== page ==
sharing the Olympic spirit
OLYMPICS/ Team China

Luan Jujie's coming home, still a hit at 50
By Jules Quartly (China Daily)
Updated: 2008-04-30 09:00


At a time when most people have either achieved their dreams or given up on them, Asia's first Olympic gold-medal winner in fencing, Luan Jujie, will be competing at her fourth Games, aged 50.

It will be a homecoming party for the Chinese icon who now lives in Canada and will be representing the country for the second time at an Olympics.

Chinese CanadianLuan Jujie, who won a gold medal in women's foil for China at the 1984 Los Angeles Olympics, will compete in August's Beijing Games at the age of 50. [China Daily]

"My first dream was to win gold at the Olympics in 1984. The second was to compete at an Olympics in my home country. If it wasn't in Bejing I wouldn't have even bothered," Luan says by phone from Edmonton, Canada, where she runs a fencing academy.

Her Olympic qualification has created a buzz that is attracting media from around the world to line up at her door. Literally. The mother of three is packing for a visit to China and her daughter has a hospital appointment. It sounds frantic, but her husband Gu Dajin says this is a typical day in the life of his wife and family.

Born in the capital of Jiangsu province, Nanjing, Luan was one of seven children and trained in high jump and volleyball before taking up fencing at the comparatively late age of 16. Just one year later she was in the national team and taking domestic titles.

She first came to the nation's attention in 1977 at the world junior championships when she removed a blade that snapped off in her left, foil arm. Even so, she continued fencing, winning the silver medal and her heroism was popularized in a book.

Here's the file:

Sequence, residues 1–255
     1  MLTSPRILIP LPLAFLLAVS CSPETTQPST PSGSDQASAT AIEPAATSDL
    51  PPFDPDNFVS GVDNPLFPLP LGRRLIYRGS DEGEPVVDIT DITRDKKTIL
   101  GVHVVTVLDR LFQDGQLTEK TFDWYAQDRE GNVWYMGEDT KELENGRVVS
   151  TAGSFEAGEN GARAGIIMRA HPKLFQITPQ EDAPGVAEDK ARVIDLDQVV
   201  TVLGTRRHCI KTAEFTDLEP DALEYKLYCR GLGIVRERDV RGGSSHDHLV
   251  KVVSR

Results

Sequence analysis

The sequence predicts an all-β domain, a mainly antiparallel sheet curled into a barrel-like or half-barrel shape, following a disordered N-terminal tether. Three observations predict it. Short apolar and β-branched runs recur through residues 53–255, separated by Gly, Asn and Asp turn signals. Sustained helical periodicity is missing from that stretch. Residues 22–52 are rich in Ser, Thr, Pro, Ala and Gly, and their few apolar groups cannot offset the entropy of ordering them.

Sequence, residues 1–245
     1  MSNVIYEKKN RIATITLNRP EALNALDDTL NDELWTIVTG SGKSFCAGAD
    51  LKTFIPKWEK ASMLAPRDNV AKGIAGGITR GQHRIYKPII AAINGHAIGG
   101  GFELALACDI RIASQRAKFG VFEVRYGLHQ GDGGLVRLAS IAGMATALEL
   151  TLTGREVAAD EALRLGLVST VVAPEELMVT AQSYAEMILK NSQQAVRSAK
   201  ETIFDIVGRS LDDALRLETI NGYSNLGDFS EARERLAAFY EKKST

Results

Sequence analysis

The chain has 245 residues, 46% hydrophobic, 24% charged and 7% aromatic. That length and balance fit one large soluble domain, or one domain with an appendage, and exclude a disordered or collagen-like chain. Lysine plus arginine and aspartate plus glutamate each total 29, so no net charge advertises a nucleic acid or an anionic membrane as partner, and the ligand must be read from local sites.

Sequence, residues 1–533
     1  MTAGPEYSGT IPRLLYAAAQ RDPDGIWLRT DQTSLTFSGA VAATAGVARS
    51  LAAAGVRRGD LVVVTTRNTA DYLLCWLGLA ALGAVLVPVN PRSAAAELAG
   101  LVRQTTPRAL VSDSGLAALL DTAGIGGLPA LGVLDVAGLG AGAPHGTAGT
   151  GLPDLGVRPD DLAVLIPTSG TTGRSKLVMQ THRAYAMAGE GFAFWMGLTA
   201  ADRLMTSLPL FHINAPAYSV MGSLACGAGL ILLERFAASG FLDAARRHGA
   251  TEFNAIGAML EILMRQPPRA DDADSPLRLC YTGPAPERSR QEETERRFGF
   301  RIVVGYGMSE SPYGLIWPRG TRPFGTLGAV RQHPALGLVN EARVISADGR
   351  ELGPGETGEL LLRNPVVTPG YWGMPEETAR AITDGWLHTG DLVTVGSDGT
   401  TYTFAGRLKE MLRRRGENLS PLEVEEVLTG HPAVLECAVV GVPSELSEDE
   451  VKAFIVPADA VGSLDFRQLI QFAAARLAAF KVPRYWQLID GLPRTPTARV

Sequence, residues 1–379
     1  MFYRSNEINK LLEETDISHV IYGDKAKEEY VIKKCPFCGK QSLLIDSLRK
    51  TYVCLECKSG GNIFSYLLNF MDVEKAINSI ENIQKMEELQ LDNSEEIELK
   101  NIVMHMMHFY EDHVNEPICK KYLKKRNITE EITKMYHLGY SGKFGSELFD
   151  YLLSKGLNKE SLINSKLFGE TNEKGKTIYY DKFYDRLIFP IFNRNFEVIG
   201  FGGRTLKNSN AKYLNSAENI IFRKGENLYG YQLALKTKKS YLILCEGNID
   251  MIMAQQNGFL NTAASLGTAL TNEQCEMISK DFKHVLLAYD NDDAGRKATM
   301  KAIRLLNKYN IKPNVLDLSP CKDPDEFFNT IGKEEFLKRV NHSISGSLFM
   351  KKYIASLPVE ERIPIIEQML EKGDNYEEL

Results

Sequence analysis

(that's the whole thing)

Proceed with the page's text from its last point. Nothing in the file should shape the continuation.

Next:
"This moved the people, they therefore remembered my name," she says about the incident. "Actually, I wasn't trying to be a hero. As an athlete, if you come across a setback and flinch then you're not a true athlete."

Luan became a legend at China's first summer Olympics in Los Angeles, 1984, when she struck gold. She also competed at the 1988 edition before coaching the national team for 10 years and earning a degree in sports management.

She emigrated to Canada in 1989 and became a citizen five years later, but this did not stop her being celebrated in 1999 as one of China's top 50 sports stars since the founding of the People's Republic of China.

Called "Asia's First Foil", her story became a textbook example of how to succeed in sport. A hit movie was made celebrating her life and a stamp bearing her likeness was issued in 2006.

"If she wants something, she doesn't care if others say she cannot achieve it," says Diane Redeker, a manager at Luan's Edmonton club. "She is a wonderful coach. She makes her fencers feel that the sky is the limit."

She obviously thrives on pressure and lunging for goals. After retiring from Olympic competition for 12 years she decided to return to the piste and made it onto the Canadian team for the 2000 Olympics in Sydney - though she was eliminated in the first round.

"I am doing it for the sports," she says. "It doesn't matter which country. If I win I'm happy and if I lose I'm happy. At least I tried. Some people think I'm too old but that just means I have nothing to lose.

"I go crazy trying. I love my country, that's why I tried to get to another Olympics. China has developed so fast, I wanted to come back and say how thankful I was for everything."

She says she also loves her adopted country, Canada. There are no national boundaries in sports, she argues, but admits she wouldn't have had the opportunity to compete for China again, which is more competitive and has good young fencers.

She reckons her forte is patience and technique, allied with a never-say-die attitude. That's why she's still able to beat younger fencers. She says her experience, mental strength and intelligence give her an edge though she is realistic enough to admit her reflexes have slowed and "my physical ability is inferior".

"My body is different from 30 years ago. After I go to sleep and wake up it still hurts after a day of competition or tough training. It doesn't recover like it used to. But my heart is strong and that is everything."


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